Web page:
With the entry of James Meredith into the University of Mississippi in 1962, many things changed. Local African-Americans had a mixed reaction to the changes in the traditional white-black relationships. Other African-Americans participated actively in the 1960s Civil Rights activities including housing northern Civil Rights workers in their homes, participating in Civil Rights marches, praising the work of Martin Luther King, Jr., and helping organize new improvement programs for their communities.

Sources:

“We Cannot Walk Alone Exhibition” Olemiss.edu. 15 November 2006
<http://www.olemiss.edu/depts/general_library/files/archives/exhibits/civilrights/aa/burns.html>

Nelms, Chuck. “Thoughts and Recollections of Ole Miss Fall of 1962.” Feb 4 1991. Jun 2006 <http://www.llf.lib.ms.us/winnebago/LLF/Oral%20Histories/NELMS2.htm>

“Integrating Ole Miss.” Integrating Ole Miss: A Civil Rights Milestone. June 2002. John F. Kennedy Library. Jun 2006 <http://www.jfklibrary.org/meredith/home.html>

Sobotka, C. John Jr. A History of Lafayette County, Mississippi. Oxford, MS: Rebel Press, 1976.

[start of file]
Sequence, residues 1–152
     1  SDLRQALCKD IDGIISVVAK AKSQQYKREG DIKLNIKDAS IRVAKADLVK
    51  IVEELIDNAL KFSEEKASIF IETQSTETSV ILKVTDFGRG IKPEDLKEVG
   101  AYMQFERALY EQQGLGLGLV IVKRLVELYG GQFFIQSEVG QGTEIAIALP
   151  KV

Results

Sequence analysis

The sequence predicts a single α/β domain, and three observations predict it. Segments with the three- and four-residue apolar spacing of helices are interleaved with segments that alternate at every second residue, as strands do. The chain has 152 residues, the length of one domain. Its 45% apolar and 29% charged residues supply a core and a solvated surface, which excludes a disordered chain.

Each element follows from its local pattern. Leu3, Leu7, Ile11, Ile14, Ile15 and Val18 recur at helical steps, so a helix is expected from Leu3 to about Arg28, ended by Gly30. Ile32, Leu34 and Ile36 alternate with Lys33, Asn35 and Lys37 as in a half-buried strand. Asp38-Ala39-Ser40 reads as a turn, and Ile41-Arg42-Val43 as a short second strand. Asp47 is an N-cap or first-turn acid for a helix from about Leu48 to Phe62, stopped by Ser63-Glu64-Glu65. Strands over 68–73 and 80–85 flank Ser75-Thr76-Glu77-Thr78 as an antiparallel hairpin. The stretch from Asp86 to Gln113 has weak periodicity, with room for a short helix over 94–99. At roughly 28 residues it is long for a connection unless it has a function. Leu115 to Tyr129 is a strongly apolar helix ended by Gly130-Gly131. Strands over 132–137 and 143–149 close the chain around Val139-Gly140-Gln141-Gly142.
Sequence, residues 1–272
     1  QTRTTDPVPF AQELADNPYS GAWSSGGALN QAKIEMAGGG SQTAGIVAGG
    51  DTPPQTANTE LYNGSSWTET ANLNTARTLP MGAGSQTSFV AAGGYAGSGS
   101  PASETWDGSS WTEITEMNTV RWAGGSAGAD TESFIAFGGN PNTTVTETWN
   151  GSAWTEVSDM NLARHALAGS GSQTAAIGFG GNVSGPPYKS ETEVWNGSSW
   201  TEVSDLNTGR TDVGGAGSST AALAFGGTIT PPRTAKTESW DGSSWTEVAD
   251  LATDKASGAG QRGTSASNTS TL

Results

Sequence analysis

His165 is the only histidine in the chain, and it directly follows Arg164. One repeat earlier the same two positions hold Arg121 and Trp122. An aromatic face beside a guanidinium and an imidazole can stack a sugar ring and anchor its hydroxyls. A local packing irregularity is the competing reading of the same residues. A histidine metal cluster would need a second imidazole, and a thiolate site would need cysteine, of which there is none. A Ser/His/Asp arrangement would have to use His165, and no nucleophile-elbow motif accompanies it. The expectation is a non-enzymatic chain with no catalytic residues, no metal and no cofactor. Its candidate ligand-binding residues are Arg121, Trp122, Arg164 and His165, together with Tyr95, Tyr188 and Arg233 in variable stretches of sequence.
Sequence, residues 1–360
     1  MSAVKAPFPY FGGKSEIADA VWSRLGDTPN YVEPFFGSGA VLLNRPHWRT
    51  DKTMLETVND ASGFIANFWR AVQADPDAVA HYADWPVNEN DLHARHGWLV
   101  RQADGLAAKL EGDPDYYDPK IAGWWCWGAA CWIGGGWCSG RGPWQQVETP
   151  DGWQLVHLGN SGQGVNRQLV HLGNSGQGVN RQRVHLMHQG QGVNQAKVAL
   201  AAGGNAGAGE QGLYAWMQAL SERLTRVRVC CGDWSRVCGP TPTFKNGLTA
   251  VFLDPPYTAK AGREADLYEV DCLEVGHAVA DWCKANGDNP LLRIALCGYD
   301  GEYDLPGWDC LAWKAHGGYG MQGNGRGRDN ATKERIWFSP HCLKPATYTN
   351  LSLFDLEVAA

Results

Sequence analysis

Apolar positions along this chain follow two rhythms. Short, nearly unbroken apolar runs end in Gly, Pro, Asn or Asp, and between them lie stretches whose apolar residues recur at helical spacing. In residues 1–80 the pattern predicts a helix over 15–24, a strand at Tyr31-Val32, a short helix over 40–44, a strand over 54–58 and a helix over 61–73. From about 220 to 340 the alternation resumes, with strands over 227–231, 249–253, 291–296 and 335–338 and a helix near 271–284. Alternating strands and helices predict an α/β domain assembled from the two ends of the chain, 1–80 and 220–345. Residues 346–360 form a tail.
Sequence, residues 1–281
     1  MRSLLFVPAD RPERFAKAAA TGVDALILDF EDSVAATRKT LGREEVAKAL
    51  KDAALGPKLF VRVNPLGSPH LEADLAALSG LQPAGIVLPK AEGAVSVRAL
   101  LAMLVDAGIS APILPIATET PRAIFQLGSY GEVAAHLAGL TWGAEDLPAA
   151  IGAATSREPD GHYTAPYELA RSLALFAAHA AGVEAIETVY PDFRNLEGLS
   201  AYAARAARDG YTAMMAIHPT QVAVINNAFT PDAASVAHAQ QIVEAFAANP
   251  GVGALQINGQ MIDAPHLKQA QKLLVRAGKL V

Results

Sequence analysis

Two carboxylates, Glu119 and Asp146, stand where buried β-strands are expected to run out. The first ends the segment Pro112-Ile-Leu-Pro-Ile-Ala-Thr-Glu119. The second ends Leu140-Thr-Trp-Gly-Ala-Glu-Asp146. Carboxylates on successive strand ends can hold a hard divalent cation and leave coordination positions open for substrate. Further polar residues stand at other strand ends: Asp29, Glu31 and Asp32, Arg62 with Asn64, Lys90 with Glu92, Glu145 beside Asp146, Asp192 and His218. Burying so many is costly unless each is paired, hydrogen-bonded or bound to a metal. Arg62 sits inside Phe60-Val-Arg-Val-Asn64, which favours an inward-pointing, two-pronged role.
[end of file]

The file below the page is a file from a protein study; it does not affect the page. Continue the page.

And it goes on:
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GROUPS

William Winter Institute for Racial Reconciliation

William Winter Institute LogoIn 1997, then-President Bill Clinton inaugurated an unprecedented national conversation on race. “One America: The President’s Initiative on Race” marked the first time a sitting president had called for such a dialogue without the catalyst of a major crisis. It suggested, on a federal level, the importance of dealing positively with race relations on a daily basis.

Accepting the challenge to prod grassroots efforts, the University of Mississippi hosted the only deep-South public forum for One America. Preceded by dialogue groups representing ten constituency topics ranging from the arts to education to religion, the event highlighted elected delegates from each group. Sharing the insight and hopes of the more than 160 participants, the representatives crafted a frank yet civil discussion on one of our nation’s most difficult subjects.

The President’s staff hailed the UM experience as the single most successful of the entire Initiative year. That recognition encouraged the University to formalize its dialogue process with the creation of an institute to promote racial reconciliation and civic renewal.

Founded in 1999, the William Winter Institute for Racial Reconciliation builds more inclusive communities by promoting diversity and citizenship, and by supporting projects that help communities solve local challenges.

Source:

“About Us.” William Winter Institute for Racial Reconciliation. U of Mississippi. http://www.winterinstitute.org/pages/aboutus.htm.

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DOCUMENTS